Wolf Debate Never Ends

Last May I warned you that no matter what happens, the wolf debate will go on and on. So, when wolves were finally removed from the endangered species list, and the states of Idaho, Montana and Wyoming were given a chance to manage wolves for everyone, so that we could have good populations of elk and moose, so that ranchers could still raise cattle and sheep with only small loses to wolves, and so that we could still have some wolves for the public to enjoy, hunting some wolves could begin.

Sorry for that last run-on sentence, but it typifies the run-on wolf situation in the Northern Rockies. Just when you think some rational decisions were finally made in the courts, decisions that would allow wolves and wildlife and agriculture to co-exist, the anti wolfers go to court once again, and the courts mismanage the situation once again. What has just happened (I’m writing this on August 7) is that the courts have ruled to again put the wolves back on the endangered species list. The decision obviously has nothing to do with wolves being endangered, for indeed they are not.


The decision obviously has nothing to do with the agreement reached when wolves were reintroduced to Yellowstone. That agreement stated that when wolf numbers and pack numbers reached a certain level, management of the wolves could take place. Those numbers were reached in 2002, but the anti wolfers pushed on, and tied management up in the courts until last spring, when the states were finally allowed to hunt some wolves and the wolf was removed from the endangered species list. I warned you then and I reiterate that now, and will do so in the future no matter what happens that looks positive for wolf management . . . the debate will never end.

It is not about wolf management. It is about no killing of wolves; not now, not ever. And the general public gets its information from the press and the press, in general, doesn’t want any wolves killed. And so, the courts have now said that you can’t hunt wolves in Idaho and Montana, because Wyoming still hasn’t come up with an approved harvest plan for wolves. Apparently, it’s like a school teacher saying that if one kid breaks a rule, everyone will have to be punished. The court is saying that the wolf population in those three states is just one big population, so if you can’t manage them in Wyoming, then you can’t do it in Idaho and Montana.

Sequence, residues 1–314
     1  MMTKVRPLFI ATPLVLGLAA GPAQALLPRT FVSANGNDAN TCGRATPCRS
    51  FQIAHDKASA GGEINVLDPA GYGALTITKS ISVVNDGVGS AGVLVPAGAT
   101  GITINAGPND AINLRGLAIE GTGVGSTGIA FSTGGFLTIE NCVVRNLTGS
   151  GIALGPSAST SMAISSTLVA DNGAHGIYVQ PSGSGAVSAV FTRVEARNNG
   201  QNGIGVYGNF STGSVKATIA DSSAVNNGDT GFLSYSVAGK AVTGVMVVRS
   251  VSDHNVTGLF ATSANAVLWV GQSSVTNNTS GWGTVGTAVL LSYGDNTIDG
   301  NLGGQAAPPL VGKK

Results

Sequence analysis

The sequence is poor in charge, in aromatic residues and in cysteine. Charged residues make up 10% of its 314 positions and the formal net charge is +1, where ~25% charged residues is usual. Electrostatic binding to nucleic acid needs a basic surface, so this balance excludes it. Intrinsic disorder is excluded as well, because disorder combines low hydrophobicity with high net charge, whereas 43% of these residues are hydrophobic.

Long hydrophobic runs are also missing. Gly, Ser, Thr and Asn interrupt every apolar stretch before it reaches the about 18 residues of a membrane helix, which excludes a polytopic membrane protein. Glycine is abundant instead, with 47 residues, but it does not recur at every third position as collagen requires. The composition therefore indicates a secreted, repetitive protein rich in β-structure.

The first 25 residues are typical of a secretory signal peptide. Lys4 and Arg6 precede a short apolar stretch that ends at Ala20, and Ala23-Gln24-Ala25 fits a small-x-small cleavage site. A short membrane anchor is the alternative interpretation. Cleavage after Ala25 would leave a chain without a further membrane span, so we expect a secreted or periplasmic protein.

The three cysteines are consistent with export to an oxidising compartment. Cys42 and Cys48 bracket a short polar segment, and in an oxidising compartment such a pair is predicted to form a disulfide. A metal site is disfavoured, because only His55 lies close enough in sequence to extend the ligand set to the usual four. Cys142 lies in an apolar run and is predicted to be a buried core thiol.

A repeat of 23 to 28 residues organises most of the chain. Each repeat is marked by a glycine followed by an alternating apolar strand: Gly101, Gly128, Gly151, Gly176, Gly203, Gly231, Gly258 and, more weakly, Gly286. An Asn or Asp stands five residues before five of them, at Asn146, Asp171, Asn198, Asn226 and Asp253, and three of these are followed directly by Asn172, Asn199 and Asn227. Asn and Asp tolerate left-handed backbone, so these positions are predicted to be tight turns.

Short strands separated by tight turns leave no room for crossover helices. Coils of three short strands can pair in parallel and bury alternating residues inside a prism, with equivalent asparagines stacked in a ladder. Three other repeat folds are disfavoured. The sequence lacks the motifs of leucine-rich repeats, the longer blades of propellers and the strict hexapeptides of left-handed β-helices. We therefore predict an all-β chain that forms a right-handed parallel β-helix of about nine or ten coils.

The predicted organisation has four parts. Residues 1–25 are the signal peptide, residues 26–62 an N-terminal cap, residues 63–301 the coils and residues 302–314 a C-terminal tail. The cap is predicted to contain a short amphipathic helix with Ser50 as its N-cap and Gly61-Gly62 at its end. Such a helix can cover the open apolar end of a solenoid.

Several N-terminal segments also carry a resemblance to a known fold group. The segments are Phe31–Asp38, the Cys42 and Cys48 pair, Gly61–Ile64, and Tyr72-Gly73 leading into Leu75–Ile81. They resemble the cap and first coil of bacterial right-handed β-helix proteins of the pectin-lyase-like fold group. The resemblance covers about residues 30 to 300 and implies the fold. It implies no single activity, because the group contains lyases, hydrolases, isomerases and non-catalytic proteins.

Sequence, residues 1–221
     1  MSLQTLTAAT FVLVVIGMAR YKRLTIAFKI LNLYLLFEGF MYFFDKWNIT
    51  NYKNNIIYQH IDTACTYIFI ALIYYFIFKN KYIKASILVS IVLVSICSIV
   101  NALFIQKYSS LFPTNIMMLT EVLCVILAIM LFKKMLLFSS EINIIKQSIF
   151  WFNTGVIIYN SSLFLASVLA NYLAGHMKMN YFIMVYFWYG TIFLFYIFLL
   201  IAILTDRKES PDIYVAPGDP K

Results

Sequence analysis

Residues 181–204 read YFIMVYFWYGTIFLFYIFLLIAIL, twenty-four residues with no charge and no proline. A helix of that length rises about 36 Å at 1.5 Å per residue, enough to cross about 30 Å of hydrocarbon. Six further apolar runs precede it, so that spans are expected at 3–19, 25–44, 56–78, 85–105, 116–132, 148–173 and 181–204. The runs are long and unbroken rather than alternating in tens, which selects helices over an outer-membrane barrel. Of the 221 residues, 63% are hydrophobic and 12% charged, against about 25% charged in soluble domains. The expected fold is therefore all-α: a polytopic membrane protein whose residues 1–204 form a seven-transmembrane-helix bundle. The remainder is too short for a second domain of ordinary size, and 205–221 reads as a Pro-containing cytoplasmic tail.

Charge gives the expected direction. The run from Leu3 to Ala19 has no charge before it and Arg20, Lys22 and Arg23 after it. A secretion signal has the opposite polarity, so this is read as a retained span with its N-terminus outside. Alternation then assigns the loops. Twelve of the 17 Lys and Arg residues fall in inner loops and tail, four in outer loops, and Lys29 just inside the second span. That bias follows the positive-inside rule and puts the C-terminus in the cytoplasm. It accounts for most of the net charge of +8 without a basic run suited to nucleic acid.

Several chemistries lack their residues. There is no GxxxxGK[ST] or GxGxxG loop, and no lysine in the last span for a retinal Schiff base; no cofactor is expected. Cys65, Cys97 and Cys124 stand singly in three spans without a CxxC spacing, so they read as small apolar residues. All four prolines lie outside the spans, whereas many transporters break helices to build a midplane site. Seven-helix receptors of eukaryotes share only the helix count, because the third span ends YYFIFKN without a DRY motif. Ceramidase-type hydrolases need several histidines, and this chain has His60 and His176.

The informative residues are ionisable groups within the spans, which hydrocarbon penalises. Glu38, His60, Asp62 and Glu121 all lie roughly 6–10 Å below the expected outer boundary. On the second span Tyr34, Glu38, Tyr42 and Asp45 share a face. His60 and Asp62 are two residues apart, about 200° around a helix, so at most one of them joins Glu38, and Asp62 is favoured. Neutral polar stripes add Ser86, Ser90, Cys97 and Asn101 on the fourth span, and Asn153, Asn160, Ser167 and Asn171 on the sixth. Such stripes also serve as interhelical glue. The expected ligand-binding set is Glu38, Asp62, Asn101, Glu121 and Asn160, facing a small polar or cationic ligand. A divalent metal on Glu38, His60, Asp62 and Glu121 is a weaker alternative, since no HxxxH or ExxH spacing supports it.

That’s a most interesting ruling considering that we manage some wildlife species differently in different states. You can hunt sandhill cranes in some states, but not others. Same with tundra swans, narwhale for Inuits, etc. There are even subspecies of Canada geese that are legal in one state and not legal in another. In 1984 Texas started harvesting alligators, but they were not removed from the endangered species list nationwide until 1987.

Note, again, reclassifying the wolf in the Northwest as an endangered species has nothing to do with biology and everything to do with politics. And the political slant in this country right now says, do not shoot any wolves for any reason. There are data showing that elk have changed their behavior because of wolves, and in some areas, recruitment of elk is below what is needed to keep numbers stable (meaning elk numbers are dropping because of predation—wolves and bear and lions—and that will continue). No matter that people are out-of-work because of this. No matter that guides, cooks, motels, etc. are losing revenues and jobs, and no matter that politics is making the decisions. In Washington, in the present administration, and with the public, that is what is wanted, and so that is what has happened. Wolves are again deemed to be endangered.

There are thousands of wolves . . . thousands. And the numbers are increasing. Even with the hunts they had in Idaho and Montana, their numbers are increasing too. Yet, the wolf is now listed as “endangered.”

Today, Senator Baucus from Montana stated that he would introduce a bill that would remove the wolf from the endangered species list so that management in Montana could continue. That is supposed to happen in September (remember, I’m writing this on August 7). The Rocky Mt Elk Foundation continues to be a major player in this. And the group, Big Game Forever (ck out their website and join that group) is trying to coordinate wolf management everywhere we have wolf management problems.

We need these organizations, because groups such as the Defenders of Wildlife will never go away on this issue. Some of these groups now want 5,000 wolves in the Northern Rockies before they come off the endangered species list. Just be aware, and let people know, that once we get to 5,000, their position on removing wolves from the endangered species list will not change. The numbers do not mean a thing. Saving the wolves has become one of the most lucrative fund-raising causes in modern environmental history. The debate continues. That is why pro-management forces need to get organized at the state level and keep the pressure on. Given today’s political climate, it’s going to be oh so hard to do.

For more on this issue be sure and read: Lobo Watch